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3 signs you’re over-exercising (and how to fix it)

Woman listening to music and swining kettlebell, How to find the right exercise balance, by

Over-exercising is common and ultimately can lead your body to crash. Calmista blogger Charlotte Watts explains how to find the right exercise balance

Here’s a typical scenario I hear; ‘I get up at 6am, commute to work, have a high-demand job, take little time for lunch and then I just feel too tired to exercise at 5pm’. Sounds fair enough when put like that doesn’t it? Our tendencies for over stimulation means that our bodies have to try and conserve energy where they can. Our energies are finite and we wouldn’t expect a device like a smartphone to keep running when its battery was drained.

In my nutrition practice I also see plenty of people (personal trainers included) who push the exercise envelope too hard and are draining their own batteries by doing more and more without resting; quantity over quality often abounds. If an athlete were to do an event like a marathon, they would follow a smart programme of changing exercise levels and the harder they worked, the more rest they would prioritise, as it’s in the resting state where muscle is actually built up stronger after being torn by the challenge of exercise. It’s that strong muscle that makes the body work better.

our brains use up 20% of total body energy at rest and this can rise to almost 70% when we become stressed

So where’s the balance and how can we find the exercise and movement rhythm that suits our lives, energy levels and motivation at any given time? Observing where we overwork and where we underwork in any aspect of our lives – this is a great consideration in yoga postures for instance – is the key to finding a sustainable balance.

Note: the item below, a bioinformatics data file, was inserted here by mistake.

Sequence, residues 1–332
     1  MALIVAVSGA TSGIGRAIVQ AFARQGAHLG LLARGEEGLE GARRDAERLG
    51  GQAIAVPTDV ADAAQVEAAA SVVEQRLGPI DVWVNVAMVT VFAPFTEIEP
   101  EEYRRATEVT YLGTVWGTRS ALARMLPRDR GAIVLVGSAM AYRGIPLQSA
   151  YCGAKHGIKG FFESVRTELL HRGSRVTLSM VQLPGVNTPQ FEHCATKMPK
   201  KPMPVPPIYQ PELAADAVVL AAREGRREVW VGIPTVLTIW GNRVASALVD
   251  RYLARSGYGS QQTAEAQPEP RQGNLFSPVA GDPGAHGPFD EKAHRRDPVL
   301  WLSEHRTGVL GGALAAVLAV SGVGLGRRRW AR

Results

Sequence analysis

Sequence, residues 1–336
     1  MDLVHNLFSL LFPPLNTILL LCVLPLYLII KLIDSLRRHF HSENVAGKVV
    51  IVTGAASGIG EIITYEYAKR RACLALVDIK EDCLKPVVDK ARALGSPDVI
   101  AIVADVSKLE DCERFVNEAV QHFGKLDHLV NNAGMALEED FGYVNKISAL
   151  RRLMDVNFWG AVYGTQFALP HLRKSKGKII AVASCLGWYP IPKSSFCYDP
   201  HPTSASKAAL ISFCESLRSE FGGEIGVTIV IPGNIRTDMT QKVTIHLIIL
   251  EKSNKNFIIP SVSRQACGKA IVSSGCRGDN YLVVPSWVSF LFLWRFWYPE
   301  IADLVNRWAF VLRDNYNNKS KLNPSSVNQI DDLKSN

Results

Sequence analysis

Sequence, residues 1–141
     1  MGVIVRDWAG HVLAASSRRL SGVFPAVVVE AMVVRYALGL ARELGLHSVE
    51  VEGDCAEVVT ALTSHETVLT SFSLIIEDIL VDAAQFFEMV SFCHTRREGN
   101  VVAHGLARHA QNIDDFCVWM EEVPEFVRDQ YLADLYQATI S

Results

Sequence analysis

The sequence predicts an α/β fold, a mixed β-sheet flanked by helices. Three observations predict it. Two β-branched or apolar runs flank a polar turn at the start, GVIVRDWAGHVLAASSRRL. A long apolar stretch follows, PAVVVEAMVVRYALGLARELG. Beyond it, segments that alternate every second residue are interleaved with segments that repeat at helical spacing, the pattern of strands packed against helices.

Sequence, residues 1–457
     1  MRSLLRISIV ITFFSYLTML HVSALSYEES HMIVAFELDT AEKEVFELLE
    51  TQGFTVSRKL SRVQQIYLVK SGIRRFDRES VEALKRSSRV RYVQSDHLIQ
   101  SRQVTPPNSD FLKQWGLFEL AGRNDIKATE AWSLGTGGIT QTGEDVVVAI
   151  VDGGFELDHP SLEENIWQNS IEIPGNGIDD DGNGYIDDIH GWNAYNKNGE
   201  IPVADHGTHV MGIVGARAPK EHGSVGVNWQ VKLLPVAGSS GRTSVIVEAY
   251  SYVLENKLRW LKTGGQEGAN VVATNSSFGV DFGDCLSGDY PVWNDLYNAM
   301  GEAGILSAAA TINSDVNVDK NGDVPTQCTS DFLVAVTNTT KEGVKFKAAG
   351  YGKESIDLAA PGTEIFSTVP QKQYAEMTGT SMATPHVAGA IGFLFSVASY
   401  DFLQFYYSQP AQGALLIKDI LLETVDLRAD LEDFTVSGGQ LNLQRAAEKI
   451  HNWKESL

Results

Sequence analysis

Do you tend to over-exercise?

Exhausted woman, How to find the right exercise balance, by Healthista.comWith our culture for ‘pushing on through’ and even viewing our bodies as machines or something to be punished, we can often not listen when all the signals are saying slow down. It’s not that we don’t need to move – that’s always helpful – but regulating what we do for the energy means we can get stronger in the long run instead of running ourselves into the ground. When all the evidence says stress hormones cause weight gain and moderate jogging is shown to be much healthier than more intense runs, its body wisdom to find a beneficial middle ground.

If in circadian rhythm (that refers to our natural body clock rhythm) terms, 5pm is believed to be when we’re at our greatest muscle strength and cardiovascular efficiency, why do we feel like that walk home we promised ourselves seems like a physically impossibility?

Charlene Hutsebaut, personal trainer and fitness consultant for my new book The De-Stress Effect, says to listen to your body and learn when you actually need to rest or do an activity that has less high energy demands, like a non-dynamic form of yoga, pilates or pleasant walk.

Some key signs to dial it down are:

  • Feeling heavy and lethargic morning after morning upon waking
  • Having a feeling of ‘heavy legs’ day after day
  • When trying a light workout, feeling that this strong fatigue or ‘heavy legs’ still exists.
  • Feeling exhausted after exercise

Do you tend to stagnate and not move at all?

Yes, rest is highly important, but simply atrophying and falling into a heap on the sofa is also not the answer. If we simply sit all day, no it doesn’t give the signals that movement is the default. Our bodies are designed to move, but the ‘permission to move’ signals from the brain can become interrupted when we’re both inactive and we’ve become energetically drained. When we consider that our brains use up 20 per cent of total body energy at rest and this can rise to almost 70 per cent when we become stressed, we can see how sitting but getting irate or completely tense about a non-physical challenge or conflict (like a work deadline or difficult email exchange) wears us down. Our brains will gobble up those resources, leaving none for the muscles to want to move. That’s how you end up tired and lethargic after a day of not doing very much at all.